Searching over 5,500,000 cases.


searching
Buy This Entire Record For $7.95

Download the entire decision to receive the complete text, official citation,
docket number, dissents and concurrences, and footnotes for this case.

Learn more about what you receive with purchase of this case.

United States v. Kraus

United States District Court, D. Montana, Billings Division

November 29, 2017

UNITED STATES OF AMERICA, Plaintiff/Respondent,
v.
JACOB KRAUS, Defendant/Movant.

          ORDER DENYING § 2255 MOTION AND DENYING CERTIFICATE OF APPEALABILITY

          SUSAN P. WATTERS, UNITED STATES DISTRICT COURT.

         This matter comes before the Court on Defendant/Movant Jacob Kraus's motion to vacate, set aside, or correct the sentence under 28 U.S.C. § 2255. Kraus seeks relief under Johnson v. United States, __ U.S. __, 135 S.Ct. 2551 (2015), which was made retroactive to final judgments by Welch v. United States, __ U.S. __, 136 S.Ct. 1257(2016).

         I. Procedural Background

         On January 17, 2008, Kraus was indicted on one count of conspiracy to violate the Hobbs Act, a violation of 18 U.S.C. § 1951 (Count 1); two counts of Hobbs Act robbery, violations of 18 U.S.C. § 1951 (Counts 2 and 4); two counts of using or carrying a firearm during and in relation to the robberies alleged in Counts 2 and 4, violations of 18 U.S.C. § 924(c)(1) (Counts 3 and 5); one count of being a felon in possession of a firearm, a violation of 18 U.S.C. § 922(g)(1) (Count 8); and one count of possessing a stolen firearm, a violation of 18 U.S.C. § 922(j) (Count 9). Kraus was not named in Counts 6 or 7. Aiding and abetting was also charged in Counts 2 through 5. See Indictment (Doc. 1) at 1-6.

         The parties reached a plea agreement. Kraus agreed to plead guilty to Counts 4 and 5-one of the Hobbs Act robberies and one of the § 924(c) charges.

         The plea agreement recited the following elements:

18 USC § 1951-Knowingly Interfere with Interstate Commerce By Robbery (Hobbs Act Robbery) (Count IV)
First, that defendants induced persons at the Thriftway Store (Butte, MT) and Town Pump Food Store (Columbus, MT) to part with property; Second, that defendants did so knowingly and deliberately by robbery; and Third, that in doing so, interstate commerce was obstructed, delayed or otherwise affected.
18 USC § 924(c)-Use of a Firearm in Federal Crime of Violence (Counts [sic] V)
First, the defendant committed the crime of Interference with commerce by threats or violence as charged in Count IV of the indictment;
Second, the defendant knowingly used a firearm; and
Third, the defendant knowingly used a firearm during and in relation to the crime.

         Plea Agreement (Doc. 52) at 5 ¶ 8.

         In exchange for Kraus's guilty plea to Counts 4 and 5, the United States agreed to dismiss Counts 1, 2, 3, 8, and 9. Id. at 2 ¶ 5. Kraus pled guilty. See Minutes (Doc. 59).

         On March 12, 2009, Kraus was sentenced to serve 37 months on Count 4 and 84 months on Count 5, consecutive, for a total prison term of 121 months. See Minutes (Doc. 79); Judgment (Doc. 81) at 2. Kraus did not appeal. His conviction became final on March 26, 2009. Gonzalez v. Thaler, U.S., 132 S.Ct. 641, 653-54(2012).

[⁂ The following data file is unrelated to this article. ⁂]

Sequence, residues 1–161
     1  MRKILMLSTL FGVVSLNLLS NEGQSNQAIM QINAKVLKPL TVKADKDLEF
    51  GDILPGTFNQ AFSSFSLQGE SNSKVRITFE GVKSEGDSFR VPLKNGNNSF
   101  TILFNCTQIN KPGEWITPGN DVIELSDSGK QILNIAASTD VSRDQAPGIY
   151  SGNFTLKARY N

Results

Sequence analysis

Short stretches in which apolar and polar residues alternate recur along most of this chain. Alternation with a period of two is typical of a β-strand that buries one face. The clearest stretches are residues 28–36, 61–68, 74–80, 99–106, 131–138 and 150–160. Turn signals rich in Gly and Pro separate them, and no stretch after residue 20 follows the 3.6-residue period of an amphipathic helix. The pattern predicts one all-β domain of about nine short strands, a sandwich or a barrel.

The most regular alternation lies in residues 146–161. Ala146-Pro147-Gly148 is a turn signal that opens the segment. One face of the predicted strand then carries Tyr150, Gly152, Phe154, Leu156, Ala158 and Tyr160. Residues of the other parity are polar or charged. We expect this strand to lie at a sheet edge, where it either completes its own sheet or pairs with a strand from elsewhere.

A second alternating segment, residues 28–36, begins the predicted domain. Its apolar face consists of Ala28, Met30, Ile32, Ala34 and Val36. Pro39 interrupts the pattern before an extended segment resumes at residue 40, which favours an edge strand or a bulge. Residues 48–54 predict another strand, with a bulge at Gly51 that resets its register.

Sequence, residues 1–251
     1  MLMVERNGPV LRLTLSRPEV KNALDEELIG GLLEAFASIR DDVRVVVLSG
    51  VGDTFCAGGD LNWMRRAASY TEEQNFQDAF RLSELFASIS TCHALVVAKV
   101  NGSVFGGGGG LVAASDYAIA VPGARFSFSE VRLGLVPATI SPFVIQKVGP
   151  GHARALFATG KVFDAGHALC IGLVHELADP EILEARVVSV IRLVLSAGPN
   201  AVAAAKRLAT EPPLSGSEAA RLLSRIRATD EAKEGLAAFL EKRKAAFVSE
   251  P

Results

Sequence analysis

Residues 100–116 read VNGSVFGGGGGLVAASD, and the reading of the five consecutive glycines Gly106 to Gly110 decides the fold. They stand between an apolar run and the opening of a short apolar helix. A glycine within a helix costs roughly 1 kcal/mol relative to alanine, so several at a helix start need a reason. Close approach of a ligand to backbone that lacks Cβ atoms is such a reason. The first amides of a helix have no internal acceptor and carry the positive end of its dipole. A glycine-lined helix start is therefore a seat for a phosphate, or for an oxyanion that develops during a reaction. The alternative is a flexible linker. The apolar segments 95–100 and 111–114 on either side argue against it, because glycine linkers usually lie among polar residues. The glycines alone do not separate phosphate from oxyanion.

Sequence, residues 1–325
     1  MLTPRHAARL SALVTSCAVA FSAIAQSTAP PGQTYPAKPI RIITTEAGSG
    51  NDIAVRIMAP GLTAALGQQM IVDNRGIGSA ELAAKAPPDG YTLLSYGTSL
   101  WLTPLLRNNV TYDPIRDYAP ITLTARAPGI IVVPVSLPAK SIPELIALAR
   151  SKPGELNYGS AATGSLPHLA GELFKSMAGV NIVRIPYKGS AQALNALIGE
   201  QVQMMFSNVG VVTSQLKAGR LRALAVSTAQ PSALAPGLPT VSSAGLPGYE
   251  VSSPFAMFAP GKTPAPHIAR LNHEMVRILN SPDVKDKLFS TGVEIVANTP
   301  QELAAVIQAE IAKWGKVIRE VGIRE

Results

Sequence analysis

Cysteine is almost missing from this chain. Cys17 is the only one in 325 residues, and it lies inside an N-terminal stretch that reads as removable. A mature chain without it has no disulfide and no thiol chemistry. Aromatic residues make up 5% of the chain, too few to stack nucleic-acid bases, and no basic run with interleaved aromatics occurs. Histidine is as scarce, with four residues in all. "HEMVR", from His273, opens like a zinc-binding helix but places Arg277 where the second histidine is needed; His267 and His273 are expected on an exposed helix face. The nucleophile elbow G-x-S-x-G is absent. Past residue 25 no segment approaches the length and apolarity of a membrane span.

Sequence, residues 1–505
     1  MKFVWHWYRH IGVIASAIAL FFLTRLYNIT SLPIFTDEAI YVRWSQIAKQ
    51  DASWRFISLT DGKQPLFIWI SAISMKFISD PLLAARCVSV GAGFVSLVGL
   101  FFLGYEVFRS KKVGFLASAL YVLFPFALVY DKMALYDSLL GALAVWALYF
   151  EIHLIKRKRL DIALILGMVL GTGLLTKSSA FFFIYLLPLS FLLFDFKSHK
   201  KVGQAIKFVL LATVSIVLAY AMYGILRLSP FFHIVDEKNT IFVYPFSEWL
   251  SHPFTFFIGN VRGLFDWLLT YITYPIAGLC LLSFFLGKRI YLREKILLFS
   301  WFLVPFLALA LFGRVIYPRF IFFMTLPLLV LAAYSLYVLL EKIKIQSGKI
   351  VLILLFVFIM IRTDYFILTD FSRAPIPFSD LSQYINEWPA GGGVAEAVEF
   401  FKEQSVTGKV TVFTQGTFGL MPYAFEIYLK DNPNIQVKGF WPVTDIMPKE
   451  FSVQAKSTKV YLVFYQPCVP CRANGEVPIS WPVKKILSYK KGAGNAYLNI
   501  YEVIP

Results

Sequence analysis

Kraus now seeks relief under the United States Supreme Court's recent decision in Johnson v. United States, U.S., 135 S.Ct. 2551 (2015). See also Welch v. United States, __ U.S. __, 136 S.Ct. 1257, 1265 (2016) (holding that Johnson applies to cases already final when it was issued).

         II. Legal Background

         A. 18 U.S.C. § 924(e)

         In Johnson v. United States, __ U.S. __, 135 S.Ct. 2551 (2015) ("Johnson" or "Johnson IF), the Supreme Court considered once again the meaning of a provision in the Armed Career Criminal Act ("ACCA"), 18 U.S.C. § 924(e). The ACCA imposes a harsher sentence on a person convicted of a firearms offense if the person has three prior convictions for a violent felony or controlled substance offense. The Act defines a "violent felony" as a felony that:

(i) has as an element the use, attempted use, or threatened use of physical force against the person of another; or
(ii) is burglary, arson, or extortion, involves use of explosives, or otherwise involves conduct that presents a serious potential risk of physical injury to another[.]

         18 U.S.C. § 924(e)(2)(B). Johnson discussed only the italicized clause, commonly called the "residual" clause.

         The Supreme Court found the residual clause so vague that it deprived defendants of fair notice of the consequences of their decisions and so loose that it invited arbitrary enforcement. Therefore, the decision held, federal sentencing courts may no longer enhance a defendant's sentence based on a prior conviction when that conviction qualifies as a "violent felony" only under the residual clause. See Johnson, 135 U.S. at 2555-60, 2563.

         Johnson did not address either subsection (i) or the first line of subsection (ii) in ยง ...


Buy This Entire Record For $7.95

Download the entire decision to receive the complete text, official citation,
docket number, dissents and concurrences, and footnotes for this case.

Learn more about what you receive with purchase of this case.